Red eyes and dry eye can be confused rather readily. Both illnesses feature dry, itchy, and red eyes. A person with dry eye syndrome may frequently underestimate the severity of their red, dry, and itchy eyes by attributing them to something simple, such as allergies, and will endure the unpleasant itchiness that comes with the condition for a very long period. He or she will discover that no matter what steps are done, the situation does not improve noticeably, and relief requires consulting an eye doctor.
Fortunately, Dr. Joseph Franceschini is very familiar with the symptoms of dry eye syndrome and how to treat it. Dr. Joseph Franceschini has compiled some points of essential knowledge below, to help his patients recognize the indications of this uncomfortable and painful eye condition in a more timely fashion so that they can prevent prolonging the pain and discomfort of this extremely uncomfortable.
Dry Eye Syndrome
The symptoms of dry eye syndrome include itchy, red, and dry-feeling eyes that do not improve until prompt medical attention is sought. In general, doctors talk about two major reasons for dry eye conditions. Either:
- Tear production is insufficient, and the eye cannot be properly moisturized.
- Tears from the eye are imperfect. They frequently lack one or more crucial components that are typically present in tears so that they can effectively cover and moisturize the eye.
A sort of specialized eye drop known as "artificial tears" is the best defense against either of these types of dry eye conditions. These specialized eye drops attempt to closely resemble natural tears in order to alleviate the painful symptoms of dry eye syndrome. There are numerous different formulations of artificial tears available to accomplish this in the best way feasible. Each remedy targets a distinct underlying reason for your dry eye. Others will add one or more building blocks to your tears to help them better carry out their intended job. Some aid to address the concerns of dry eye syndrome where there are insufficient tears.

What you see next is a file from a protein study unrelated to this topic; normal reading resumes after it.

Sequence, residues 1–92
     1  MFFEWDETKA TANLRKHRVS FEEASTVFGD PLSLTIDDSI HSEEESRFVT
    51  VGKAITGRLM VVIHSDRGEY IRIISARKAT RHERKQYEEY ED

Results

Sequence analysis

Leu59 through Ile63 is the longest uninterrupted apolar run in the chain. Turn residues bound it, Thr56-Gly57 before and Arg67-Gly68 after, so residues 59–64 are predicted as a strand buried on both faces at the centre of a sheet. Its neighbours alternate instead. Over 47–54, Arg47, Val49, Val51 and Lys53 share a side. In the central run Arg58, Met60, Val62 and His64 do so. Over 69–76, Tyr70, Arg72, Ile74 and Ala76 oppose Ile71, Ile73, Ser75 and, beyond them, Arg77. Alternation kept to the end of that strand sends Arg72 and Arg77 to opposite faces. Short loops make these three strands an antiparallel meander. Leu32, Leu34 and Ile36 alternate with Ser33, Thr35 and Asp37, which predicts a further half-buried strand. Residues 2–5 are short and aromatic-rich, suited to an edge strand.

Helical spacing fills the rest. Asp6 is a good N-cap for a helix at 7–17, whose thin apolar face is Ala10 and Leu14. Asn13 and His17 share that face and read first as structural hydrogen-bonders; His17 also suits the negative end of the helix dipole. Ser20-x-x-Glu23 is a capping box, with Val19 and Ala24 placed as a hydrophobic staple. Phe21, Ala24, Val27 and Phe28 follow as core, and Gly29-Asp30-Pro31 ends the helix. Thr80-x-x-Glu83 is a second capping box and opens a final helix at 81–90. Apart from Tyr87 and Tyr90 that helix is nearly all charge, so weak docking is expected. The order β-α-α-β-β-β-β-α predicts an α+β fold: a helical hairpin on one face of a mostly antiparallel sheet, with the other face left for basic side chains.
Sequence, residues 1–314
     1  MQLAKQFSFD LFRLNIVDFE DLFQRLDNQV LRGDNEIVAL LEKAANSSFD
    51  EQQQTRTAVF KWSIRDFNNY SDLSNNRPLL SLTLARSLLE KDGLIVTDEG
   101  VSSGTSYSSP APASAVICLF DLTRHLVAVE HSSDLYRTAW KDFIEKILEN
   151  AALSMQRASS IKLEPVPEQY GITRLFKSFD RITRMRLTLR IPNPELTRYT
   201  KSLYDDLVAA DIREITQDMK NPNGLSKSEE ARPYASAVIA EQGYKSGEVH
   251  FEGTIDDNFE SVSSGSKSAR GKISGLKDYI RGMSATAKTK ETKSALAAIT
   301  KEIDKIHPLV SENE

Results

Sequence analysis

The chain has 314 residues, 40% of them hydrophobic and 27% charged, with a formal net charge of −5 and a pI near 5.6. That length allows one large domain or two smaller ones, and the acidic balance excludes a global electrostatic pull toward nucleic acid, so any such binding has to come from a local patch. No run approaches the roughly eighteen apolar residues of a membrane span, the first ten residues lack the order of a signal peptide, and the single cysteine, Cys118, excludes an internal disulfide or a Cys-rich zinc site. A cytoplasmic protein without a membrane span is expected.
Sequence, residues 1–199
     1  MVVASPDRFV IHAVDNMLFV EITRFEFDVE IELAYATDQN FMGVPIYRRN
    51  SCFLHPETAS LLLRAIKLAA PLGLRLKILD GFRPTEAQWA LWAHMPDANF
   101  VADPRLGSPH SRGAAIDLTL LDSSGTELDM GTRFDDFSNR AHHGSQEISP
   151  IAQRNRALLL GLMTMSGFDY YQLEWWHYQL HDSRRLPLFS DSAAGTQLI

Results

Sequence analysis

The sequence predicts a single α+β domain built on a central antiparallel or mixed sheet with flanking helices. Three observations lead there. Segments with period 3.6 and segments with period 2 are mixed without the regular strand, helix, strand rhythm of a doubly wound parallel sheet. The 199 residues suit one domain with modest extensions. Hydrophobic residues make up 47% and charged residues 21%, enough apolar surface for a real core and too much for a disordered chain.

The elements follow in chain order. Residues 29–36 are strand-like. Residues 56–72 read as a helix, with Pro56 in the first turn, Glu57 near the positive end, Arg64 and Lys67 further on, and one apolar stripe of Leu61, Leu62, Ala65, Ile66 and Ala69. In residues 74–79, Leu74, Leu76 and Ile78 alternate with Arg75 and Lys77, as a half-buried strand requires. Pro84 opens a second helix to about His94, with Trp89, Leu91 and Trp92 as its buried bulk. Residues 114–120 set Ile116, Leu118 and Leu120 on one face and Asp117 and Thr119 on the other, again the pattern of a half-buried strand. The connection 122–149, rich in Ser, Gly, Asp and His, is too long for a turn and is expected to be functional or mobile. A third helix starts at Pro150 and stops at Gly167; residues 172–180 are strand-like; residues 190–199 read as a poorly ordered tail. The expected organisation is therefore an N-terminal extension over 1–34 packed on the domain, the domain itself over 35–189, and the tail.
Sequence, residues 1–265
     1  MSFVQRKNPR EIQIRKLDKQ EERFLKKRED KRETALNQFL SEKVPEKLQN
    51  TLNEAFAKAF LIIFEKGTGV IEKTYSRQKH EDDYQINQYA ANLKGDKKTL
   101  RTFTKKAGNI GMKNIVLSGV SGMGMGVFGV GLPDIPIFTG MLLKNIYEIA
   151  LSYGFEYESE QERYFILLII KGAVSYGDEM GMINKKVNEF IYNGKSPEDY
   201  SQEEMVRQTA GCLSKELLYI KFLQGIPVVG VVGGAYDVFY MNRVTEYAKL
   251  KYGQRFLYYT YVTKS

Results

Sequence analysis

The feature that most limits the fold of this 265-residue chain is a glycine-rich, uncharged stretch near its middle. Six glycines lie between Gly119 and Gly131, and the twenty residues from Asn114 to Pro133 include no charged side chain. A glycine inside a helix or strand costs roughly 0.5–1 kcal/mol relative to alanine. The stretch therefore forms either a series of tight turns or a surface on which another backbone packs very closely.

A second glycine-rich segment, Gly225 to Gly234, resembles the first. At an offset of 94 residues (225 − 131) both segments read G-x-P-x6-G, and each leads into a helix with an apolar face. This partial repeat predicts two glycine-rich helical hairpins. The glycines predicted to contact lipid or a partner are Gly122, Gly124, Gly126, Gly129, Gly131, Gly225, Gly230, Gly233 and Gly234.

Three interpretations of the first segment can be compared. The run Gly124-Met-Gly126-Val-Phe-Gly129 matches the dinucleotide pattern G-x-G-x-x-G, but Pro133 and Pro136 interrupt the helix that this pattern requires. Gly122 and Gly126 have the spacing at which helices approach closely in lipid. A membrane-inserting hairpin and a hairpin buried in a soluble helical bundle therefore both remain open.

In general, red eyes are not as concerning as dry eye, so you shouldn't be very concerned about them. Most often, allergies or foreign objects that can irritate your eyes are to blame for red eyes. The little blood vessels in your eyes then swell and become inflamed, making them much more noticeable and giving them a reddish tint. This is the origin of the phrase "red eyes."
Red eyes frequently go away on their own and return to normal without any kind of medical intervention. A word of warning, though: Because there are so many disorders that might cause dry eyes, it's frequently difficult to pinpoint the actual cause. Go to the doctor right away if you have red eyes plus a high temperature, a headache, or a lot of eye pain. With that said, red eyes are often not serious and shouldn't worry you unless they are coupled with these other symptoms.
It can occasionally be challenging to distinguish between these two states, even with a succinct but thorough description like this. Visit Dr. Joseph Franceschini right away if you think your red eyes may be indicative of something else.